Q&A Custodial Accounts
By Ric Edelman
Question: I’d like to set up custodial accounts for my seven young grandchildren. I would start with $2,000. The money would grow and be theirs to use at age 21 for any purpose. I think they’ll use it responsibly.
Ric: You do? Really?
Do you remember when you were 21?
I am not as optimistic as you. I fear that the typical 21-year-old is more likely to spend the money immediately, on clothes, travel, electronics — or just a night in a bar with lots of friends — instead of investing the lump sum professionally, maturely and responsibly.
If you’re okay with the risk that comes with letting them use the money for any purpose when they become 21, then fine. Simply establish a custodial account under the Uniformed Transfer to Minors Act. Any financial advisor or institution can do it for you. At age 21, the child gets the cash and can do whatever he or she wants with the money. If you’re lucky, you’ll get invited to the party.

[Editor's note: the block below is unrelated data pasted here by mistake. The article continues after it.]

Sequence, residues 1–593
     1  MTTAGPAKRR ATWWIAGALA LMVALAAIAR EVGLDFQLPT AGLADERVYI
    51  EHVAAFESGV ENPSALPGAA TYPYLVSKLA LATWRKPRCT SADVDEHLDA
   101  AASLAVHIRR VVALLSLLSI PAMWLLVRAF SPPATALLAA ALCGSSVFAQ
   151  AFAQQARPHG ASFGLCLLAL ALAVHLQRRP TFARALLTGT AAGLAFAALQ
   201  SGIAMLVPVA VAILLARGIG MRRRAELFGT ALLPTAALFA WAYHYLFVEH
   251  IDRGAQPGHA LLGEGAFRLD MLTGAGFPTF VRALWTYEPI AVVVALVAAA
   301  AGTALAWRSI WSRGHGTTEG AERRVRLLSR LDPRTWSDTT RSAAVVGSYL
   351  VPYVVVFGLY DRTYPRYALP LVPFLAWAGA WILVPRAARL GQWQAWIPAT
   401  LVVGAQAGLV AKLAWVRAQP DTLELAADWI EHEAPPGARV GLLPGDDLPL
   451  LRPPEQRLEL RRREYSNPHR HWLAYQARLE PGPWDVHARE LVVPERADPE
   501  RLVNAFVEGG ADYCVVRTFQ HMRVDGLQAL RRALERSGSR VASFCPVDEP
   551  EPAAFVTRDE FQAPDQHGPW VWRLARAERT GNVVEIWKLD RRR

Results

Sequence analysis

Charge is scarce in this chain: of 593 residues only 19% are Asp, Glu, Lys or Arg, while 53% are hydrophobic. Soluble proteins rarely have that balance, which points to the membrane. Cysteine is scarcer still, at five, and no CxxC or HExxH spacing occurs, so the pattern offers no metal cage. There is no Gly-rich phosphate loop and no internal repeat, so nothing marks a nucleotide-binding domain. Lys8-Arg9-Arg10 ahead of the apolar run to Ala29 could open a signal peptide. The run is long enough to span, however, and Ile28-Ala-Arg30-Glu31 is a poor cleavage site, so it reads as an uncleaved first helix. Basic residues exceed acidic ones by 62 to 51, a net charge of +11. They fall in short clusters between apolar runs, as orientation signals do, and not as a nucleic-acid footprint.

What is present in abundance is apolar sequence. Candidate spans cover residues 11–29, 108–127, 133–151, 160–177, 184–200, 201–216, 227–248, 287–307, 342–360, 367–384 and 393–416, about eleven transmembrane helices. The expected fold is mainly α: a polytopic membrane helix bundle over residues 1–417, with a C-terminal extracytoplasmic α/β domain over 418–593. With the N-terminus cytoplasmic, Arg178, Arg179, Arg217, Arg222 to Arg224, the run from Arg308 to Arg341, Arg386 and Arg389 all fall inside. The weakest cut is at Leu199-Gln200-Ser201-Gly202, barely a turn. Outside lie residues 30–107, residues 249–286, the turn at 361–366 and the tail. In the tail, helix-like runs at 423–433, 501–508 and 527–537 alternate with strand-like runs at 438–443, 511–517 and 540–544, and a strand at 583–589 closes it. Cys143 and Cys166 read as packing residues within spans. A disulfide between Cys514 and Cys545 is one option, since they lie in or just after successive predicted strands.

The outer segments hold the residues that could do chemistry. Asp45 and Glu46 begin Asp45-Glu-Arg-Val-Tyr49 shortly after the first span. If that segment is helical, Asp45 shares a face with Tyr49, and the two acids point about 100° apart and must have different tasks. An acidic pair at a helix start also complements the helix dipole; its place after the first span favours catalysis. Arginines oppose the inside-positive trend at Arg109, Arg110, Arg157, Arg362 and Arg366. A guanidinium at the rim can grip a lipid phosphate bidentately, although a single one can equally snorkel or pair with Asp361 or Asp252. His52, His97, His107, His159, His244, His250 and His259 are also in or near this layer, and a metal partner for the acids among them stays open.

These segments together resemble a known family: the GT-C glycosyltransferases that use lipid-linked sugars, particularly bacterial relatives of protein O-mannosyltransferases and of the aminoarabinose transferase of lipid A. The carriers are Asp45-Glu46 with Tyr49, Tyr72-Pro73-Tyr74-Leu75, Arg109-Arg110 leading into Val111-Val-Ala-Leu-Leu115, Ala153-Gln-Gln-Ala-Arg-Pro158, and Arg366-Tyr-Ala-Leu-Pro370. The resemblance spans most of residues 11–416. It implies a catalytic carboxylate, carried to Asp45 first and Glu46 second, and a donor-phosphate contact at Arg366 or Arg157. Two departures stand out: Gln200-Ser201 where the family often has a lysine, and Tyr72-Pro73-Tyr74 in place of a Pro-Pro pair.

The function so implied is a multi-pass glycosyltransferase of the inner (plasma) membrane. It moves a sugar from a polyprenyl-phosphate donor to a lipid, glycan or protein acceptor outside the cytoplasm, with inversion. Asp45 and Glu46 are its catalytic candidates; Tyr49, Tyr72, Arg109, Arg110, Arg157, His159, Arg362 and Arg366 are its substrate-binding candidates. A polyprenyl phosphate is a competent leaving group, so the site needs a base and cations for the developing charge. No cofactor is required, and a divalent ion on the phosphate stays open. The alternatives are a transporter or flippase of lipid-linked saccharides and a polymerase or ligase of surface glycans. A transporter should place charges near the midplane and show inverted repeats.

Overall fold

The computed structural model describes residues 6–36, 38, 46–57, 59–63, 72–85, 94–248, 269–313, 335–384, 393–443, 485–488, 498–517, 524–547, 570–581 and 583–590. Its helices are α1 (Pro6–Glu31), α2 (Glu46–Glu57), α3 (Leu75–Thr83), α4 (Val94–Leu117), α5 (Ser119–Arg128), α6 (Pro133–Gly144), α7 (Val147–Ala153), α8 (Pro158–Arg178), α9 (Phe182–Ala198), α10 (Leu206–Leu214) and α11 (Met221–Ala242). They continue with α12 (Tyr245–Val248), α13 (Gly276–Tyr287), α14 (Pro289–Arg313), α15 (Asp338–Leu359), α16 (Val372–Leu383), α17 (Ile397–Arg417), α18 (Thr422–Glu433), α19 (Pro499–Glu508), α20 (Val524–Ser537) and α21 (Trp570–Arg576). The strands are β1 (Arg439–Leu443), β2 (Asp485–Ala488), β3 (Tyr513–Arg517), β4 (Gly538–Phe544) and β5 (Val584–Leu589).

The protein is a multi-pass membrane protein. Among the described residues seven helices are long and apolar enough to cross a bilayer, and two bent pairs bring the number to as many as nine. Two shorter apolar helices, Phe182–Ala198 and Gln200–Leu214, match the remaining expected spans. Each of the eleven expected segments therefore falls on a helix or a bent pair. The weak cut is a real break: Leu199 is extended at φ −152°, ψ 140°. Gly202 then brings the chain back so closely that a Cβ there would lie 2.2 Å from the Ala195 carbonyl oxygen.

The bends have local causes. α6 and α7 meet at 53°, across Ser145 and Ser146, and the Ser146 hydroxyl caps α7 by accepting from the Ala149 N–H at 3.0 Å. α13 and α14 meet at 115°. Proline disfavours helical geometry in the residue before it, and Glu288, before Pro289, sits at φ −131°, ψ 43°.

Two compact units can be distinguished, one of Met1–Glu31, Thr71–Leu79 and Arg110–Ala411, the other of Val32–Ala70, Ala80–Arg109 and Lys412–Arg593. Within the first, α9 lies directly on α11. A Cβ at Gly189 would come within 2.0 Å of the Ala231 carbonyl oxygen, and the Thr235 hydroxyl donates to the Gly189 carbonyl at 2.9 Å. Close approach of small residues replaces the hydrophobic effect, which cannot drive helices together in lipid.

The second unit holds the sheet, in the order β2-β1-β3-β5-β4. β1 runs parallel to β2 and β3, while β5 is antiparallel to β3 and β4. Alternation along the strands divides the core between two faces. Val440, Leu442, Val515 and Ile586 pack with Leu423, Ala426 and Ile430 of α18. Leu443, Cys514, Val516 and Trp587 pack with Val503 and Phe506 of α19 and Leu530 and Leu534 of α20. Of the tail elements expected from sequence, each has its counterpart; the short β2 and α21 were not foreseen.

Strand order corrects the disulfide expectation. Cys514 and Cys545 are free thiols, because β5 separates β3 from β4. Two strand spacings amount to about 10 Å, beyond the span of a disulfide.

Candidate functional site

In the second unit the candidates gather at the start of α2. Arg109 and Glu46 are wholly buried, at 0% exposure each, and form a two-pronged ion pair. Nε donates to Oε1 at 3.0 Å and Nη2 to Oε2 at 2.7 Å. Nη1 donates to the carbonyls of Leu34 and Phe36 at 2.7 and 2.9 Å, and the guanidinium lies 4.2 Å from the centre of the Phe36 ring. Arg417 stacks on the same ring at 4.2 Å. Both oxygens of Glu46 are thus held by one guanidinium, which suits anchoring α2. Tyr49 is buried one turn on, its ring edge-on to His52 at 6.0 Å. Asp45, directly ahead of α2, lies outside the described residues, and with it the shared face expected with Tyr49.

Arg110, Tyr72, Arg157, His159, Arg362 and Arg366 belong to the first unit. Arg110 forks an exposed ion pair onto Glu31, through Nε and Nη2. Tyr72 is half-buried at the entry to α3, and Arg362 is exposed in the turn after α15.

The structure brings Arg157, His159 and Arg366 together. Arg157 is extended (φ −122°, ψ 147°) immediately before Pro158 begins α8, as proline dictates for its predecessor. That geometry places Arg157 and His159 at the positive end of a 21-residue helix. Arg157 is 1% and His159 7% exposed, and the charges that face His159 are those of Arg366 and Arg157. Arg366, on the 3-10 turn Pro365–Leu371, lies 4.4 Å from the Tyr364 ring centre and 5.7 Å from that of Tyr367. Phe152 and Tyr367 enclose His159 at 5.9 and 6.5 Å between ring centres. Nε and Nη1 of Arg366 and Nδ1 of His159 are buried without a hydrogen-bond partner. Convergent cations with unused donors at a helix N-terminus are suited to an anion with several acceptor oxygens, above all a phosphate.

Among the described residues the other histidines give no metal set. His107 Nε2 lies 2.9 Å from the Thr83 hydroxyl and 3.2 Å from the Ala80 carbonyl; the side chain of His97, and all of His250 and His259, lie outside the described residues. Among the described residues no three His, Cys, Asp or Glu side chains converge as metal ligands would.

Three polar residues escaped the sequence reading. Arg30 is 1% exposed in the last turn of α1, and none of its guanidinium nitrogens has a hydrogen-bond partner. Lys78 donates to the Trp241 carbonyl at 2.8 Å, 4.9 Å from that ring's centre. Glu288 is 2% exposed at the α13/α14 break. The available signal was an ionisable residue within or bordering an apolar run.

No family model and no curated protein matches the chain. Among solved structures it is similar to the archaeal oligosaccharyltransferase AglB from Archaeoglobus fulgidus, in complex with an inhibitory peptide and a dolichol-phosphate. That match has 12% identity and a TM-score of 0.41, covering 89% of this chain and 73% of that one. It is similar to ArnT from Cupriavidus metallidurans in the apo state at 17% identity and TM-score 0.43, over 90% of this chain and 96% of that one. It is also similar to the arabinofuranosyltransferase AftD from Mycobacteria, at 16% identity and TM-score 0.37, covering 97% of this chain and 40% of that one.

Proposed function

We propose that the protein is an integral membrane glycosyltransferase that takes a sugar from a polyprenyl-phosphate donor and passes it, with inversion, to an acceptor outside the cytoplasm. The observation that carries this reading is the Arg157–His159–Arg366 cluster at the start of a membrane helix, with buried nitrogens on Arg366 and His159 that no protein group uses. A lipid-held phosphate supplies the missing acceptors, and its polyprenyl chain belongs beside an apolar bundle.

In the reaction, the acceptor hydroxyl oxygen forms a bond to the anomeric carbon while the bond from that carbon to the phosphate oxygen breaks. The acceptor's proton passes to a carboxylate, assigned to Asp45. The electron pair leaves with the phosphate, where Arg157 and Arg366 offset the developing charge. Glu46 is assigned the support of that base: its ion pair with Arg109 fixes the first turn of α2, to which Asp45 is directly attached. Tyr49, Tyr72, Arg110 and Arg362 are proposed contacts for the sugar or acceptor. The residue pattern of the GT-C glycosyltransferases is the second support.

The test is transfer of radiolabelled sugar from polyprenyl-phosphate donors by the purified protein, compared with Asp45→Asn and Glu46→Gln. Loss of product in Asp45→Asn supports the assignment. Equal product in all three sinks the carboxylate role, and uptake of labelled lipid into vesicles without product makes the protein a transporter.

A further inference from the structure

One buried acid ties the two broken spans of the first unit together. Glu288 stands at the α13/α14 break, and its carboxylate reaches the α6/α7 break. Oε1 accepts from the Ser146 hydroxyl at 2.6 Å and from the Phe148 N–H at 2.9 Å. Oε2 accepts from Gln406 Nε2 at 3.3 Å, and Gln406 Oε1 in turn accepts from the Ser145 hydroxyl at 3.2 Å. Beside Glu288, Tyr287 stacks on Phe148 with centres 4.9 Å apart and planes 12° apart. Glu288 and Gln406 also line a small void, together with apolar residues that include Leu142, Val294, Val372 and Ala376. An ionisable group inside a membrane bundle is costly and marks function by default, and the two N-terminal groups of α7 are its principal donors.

Instead, you might want to consider these ideas:
1. Establish a 529 college savings plan. You retain control over the account, and if you discover that one of the kids doesn’t need the money for college, you can transfer the account to another grandchild (Earnings not used for college are subject to taxes and a 10% IRS penalty.)
2. Keep the money in your name. When each child reaches age 21, give him or her a check — if you are still inclined to do so. But by then, your attitude toward (or relationship with) that child might be very different from today’s. Keeping the money in your name keeps you in control. And if you need the money along the way, it’s still yours to use for your own benefit. (Worried you might die before the kids reach age 21? Just add a paragraph to your will so they’ll get an inheritance.)
3. Establish a Retirement Income for Everyone Trust®. I invented this tool 12 years ago. It lets you set money aside for kids and grandkids of any age — for their retirement! You can get complete information at visit www.ricetrust.com.